What You Need to Know When Buying Your Next Set of RimsPosted in How To: Wheels Tires on November 11, 2016
When you buy a new set of wheels for your rig, the most important factor is looks. That’s OK. Aesthetics are important to everyone, and they are an important factor when you buy wheels, but they shouldn’t be the only factor. Width, load rating, and offset are just a few of the other things you should consider when shopping for your next set of rims. To understand why these are important, we first must understand what they mean and how they apply to your 4x4.
Large-diameter wheels are the trend right now, but both the wheels and the tires are more expensive than smaller-diameter offerings. Currently, 17-inch-diameter wheels have the most wheel and tire options and will fit over most brake packages. We typically like the wheel diameter to be less than half the overall tire diameter. For example, a 17-inch wheel would be the max for a 35-inch tire.
Tire manufacturers list a range of recommended wheel widths for each specific tire. They typically recommend a wheel that is 2-3 inches narrower than the tire. We like to run as narrow a wheel as recommended since this helps to keep the tire on the wheel at low air pressure. The tradeoff is that too narrow a wheel can cause the tire to crown, leading to accelerated wear in the center of the tread.
Offset refers to the wheel’s mounting surface relative to the centerline of the wheel. So a zero offset places half the wheel on each side of the mounting surface. Positive offset results in a narrower track width, with the mounting surface closer to the outside of the wheel. The opposite is true for negative-offset wheels.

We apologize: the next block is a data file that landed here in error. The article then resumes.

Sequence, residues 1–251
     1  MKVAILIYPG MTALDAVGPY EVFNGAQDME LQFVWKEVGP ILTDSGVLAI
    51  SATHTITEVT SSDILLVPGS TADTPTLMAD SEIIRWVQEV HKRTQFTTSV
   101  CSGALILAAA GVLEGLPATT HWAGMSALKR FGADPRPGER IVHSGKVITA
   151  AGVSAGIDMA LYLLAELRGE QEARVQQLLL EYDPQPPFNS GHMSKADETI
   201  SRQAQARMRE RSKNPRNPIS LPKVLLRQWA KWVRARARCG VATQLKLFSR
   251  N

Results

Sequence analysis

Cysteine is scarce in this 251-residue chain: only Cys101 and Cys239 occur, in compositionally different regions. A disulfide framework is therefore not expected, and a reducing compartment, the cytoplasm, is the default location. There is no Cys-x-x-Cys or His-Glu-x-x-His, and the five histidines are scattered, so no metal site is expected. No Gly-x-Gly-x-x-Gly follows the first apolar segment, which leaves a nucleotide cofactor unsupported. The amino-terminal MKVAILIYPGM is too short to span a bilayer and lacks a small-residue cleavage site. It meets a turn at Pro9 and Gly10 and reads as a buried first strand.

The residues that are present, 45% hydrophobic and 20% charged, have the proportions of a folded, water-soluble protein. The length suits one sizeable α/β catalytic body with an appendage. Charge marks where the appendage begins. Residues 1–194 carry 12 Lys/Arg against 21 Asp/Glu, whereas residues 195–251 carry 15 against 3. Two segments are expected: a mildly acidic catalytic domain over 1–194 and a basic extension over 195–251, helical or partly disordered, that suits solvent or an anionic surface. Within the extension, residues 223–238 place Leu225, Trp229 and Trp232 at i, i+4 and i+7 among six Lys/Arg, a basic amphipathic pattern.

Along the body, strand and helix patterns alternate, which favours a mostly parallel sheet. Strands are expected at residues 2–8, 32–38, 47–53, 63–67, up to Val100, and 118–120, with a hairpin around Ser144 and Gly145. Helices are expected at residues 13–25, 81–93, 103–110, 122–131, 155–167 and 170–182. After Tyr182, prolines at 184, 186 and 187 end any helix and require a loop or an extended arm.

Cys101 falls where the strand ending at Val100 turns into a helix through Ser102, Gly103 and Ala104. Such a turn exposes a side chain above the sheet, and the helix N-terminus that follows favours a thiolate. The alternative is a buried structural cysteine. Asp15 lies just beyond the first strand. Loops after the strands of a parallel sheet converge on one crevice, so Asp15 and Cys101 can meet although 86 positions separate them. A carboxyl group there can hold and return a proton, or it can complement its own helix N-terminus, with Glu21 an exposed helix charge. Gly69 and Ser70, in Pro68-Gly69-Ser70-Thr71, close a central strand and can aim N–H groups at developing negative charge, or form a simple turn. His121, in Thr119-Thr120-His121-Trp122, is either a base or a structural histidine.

Backspacing is similar to offset, but unlike offset, backspacing is dependent on the width of the wheel. Backspacing is the distance from the inside lip of the wheel to the mounting surface. Shallow backspacing is equivalent to negative offset, while deep backspacing is equivalent to positive offset.
The bolt pattern of your wheels needs to match your axles, although in some situations adapters are available to convert the bolt pattern. Most Jeeps use five-lug wheels, with current JKs being a 5-on-5 bolt pattern and earlier TJs and XJs being 5-on-4 1/2. The first number is the number of lugs, and the second number is the diameter in inches of the bolt circle.
Tires aren’t the only things load rated; wheels are as well. Load rating is a function of the wheel construction and bolt pattern. Steel wheels are often rated at lower loads than cast aluminum wheels, while forged wheels offer the highest load rating. Regardless of the type of construction, a wheel with more lug nuts and a larger bolt circle (such as 8-on-6 1/2 instead of 5-on-4 1/2) will offer a higher load rating due to the distribution of the load.
This refers to the hole in the middle of the wheel. The larger the bolt pattern circle is, the bigger the center bore can be, which is important when fitting over locking hubs and full-floating axles. On hub-centric wheels, the center bore is critical to position the wheel on the axle, unlike lug-centric wheels that use the lug nuts to center the wheel.
The bead seat on the wheel is what keeps the tire bead seated with the help of air pressure. The taller and wider this bead seat is, the lower the air pressure you can run without the tire coming off the wheel. Beadlock wheels add a mechanical clamp with bolts that hold the tire to the wheel (typically only on the outside bead), making it impossible for the tire to unseat even with zero air pressure.